May 27, 2008 / 1:24 AM / 11 years ago

Small Rwandan Hutu rebel group in Congo to disarm

(Adds U.S. comments)

By Joe Bavier

KISANGANI, Congo, May 26 (Reuters) - A small faction of Rwandan Hutu rebels in east Democratic Republic of Congo pledged on Monday to lay down their guns and return home, but the main rebel movement refused and rejected the ceremony as a sham.

The rebel fighters, a breakaway faction of the Democratic Forces for the Liberation of Rwanda (FDLR), made the pledge to government officials and diplomats in the eastern city of Kisangani.

The presence of former Rwandan Hutu soldiers and former Interahamwe militia who fled after taking part in Rwanda's 1994 genocide has destabilised Congo's eastern borderlands and helped spark a 1998-2003 war blamed for 5.4 million deaths.

Congo promised Rwanda last November it would disarm members of the FDLR on its territory, by force if necessary.

This was aimed at complementing a broader U.S.- and European Union-backed process aimed at ending widespread violence in Congo's North Kivu and South Kivu provinces, where fighting has continued despite the official end of Congo's wider war.

Clashes between the army, FDLR fighters, Congolese Tutsi rebels and local Mai Mai militia have forced over half a million North Kivu residents from their homes in the past 18 months.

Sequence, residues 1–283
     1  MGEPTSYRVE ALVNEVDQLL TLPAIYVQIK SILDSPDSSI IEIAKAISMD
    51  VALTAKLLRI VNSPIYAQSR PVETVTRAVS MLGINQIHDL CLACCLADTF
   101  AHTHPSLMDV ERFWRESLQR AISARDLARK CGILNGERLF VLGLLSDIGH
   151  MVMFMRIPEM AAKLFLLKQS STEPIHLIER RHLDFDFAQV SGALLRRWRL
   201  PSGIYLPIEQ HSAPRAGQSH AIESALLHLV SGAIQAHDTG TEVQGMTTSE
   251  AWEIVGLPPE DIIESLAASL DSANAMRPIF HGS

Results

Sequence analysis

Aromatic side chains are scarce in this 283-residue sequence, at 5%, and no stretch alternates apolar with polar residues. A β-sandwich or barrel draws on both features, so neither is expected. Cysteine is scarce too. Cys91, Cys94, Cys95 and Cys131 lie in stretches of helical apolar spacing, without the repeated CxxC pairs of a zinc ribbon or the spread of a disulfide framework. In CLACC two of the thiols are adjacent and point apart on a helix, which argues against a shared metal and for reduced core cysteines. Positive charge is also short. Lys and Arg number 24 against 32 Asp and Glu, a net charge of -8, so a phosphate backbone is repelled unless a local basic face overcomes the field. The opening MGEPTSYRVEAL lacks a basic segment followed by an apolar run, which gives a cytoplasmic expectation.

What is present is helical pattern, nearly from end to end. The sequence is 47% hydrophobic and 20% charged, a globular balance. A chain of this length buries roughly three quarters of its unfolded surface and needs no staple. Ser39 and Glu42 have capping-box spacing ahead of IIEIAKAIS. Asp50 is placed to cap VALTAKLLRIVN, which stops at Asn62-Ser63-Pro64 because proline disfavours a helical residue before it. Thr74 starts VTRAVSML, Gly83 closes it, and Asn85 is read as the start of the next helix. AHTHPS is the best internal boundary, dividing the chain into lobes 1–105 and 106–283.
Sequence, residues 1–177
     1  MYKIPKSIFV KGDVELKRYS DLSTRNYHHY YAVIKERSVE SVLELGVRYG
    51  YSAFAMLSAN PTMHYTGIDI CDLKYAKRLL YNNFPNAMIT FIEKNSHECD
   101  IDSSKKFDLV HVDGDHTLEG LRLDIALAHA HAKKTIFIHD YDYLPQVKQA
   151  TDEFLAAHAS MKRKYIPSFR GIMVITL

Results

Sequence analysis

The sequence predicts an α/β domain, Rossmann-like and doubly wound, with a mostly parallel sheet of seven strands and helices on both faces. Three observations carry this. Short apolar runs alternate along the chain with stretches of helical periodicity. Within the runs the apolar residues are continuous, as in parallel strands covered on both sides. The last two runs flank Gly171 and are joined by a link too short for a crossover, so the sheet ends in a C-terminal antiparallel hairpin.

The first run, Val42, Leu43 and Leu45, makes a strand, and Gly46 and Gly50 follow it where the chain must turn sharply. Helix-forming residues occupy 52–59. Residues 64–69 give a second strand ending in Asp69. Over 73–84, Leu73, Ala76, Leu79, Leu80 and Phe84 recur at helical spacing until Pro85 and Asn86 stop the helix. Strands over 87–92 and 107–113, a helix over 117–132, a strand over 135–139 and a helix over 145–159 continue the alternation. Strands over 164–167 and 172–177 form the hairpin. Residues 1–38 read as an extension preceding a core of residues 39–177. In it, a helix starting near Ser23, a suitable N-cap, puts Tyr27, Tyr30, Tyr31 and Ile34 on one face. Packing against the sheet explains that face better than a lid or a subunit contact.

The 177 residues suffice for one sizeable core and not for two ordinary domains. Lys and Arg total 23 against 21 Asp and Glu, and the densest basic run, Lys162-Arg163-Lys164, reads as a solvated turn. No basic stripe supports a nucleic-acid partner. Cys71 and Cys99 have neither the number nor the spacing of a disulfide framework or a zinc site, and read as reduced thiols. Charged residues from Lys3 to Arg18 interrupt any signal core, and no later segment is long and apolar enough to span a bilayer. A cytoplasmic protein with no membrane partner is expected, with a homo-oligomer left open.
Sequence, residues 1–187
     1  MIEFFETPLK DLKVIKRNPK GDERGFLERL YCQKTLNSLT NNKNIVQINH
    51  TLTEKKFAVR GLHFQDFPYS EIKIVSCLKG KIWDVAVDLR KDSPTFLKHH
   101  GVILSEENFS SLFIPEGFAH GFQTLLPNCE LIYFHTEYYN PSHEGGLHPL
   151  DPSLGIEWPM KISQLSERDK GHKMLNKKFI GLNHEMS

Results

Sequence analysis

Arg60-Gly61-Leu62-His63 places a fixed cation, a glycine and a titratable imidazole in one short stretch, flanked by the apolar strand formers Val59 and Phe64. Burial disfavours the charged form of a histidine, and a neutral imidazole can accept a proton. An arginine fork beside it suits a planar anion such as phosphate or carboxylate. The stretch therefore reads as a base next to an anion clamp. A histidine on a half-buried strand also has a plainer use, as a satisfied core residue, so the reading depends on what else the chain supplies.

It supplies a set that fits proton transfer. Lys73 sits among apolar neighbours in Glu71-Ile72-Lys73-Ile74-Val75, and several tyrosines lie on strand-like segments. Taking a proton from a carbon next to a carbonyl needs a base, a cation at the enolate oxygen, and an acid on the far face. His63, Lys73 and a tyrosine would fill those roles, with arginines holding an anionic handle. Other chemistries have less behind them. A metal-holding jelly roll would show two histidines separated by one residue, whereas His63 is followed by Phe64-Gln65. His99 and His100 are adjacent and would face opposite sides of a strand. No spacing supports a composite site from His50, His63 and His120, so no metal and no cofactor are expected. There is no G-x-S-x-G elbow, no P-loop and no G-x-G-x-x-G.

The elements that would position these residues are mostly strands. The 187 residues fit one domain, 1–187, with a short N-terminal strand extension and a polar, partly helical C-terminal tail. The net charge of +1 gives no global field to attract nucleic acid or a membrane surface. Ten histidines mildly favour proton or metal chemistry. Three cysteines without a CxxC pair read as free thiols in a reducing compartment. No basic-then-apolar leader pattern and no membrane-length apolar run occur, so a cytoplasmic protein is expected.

More than a dozen armed factions signed a ceasefire in January. However, eastern Congo's Rwandan Hutu rebels were not invited to the peace talks and clashes involving Rwandan insurgents have grown more frequent in recent weeks as the army steps up troop deployments near their strongholds.

"We agree to disarm our combatants on Congolese soil to give peace a chance and to avoid the planned phase of military operations," a man identified only as Jean-Michel said at the Kisangani ceremony on behalf of the Rally for Unity and Democracy (RUD), the breakaway FDLR faction.

The RUD, representing only around 300 men out of more than 6,000 FDLR fighters, signed a deal agreeing to a United Nations-monitored programme to disarm and relocate back to Rwanda or away from Congo's border with their homeland.

But another small FDLR faction expected to sign, the FOCA, failed to show up and the main FDLR movement distanced itself from Monday's ceremony, dismissing the RUD as "dissidents who have been excluded from the FDLR for high treason".

In a statement issued on Monday in Paris, the main FDLR movement said it had no representative at the Kisangani meeting and that its mission remained the "liberation" of Rwanda.

U.N. officials who have tried to encourage peace-making in the area said they saw the RUD's pledge as a first step.

"We have to start somewhere," the head of Congo's U.N. peacekeeping mission, Alan Doss, told Reuters.

"It's important that we keep up our efforts to encourage, but also warn the FDLR that it's time to move on."

In Washington, U.S. State Department spokesman Sean Mccormack said in a statement: "The time is now for the Rwandan armed groups in eastern Congo to disarm and repatriate or face consequences of further isolation and condemnation." (For full Reuters Africa coverage and to have your say on the top issues, visit: (Editing by Alistair Thomson & Richard Meares)

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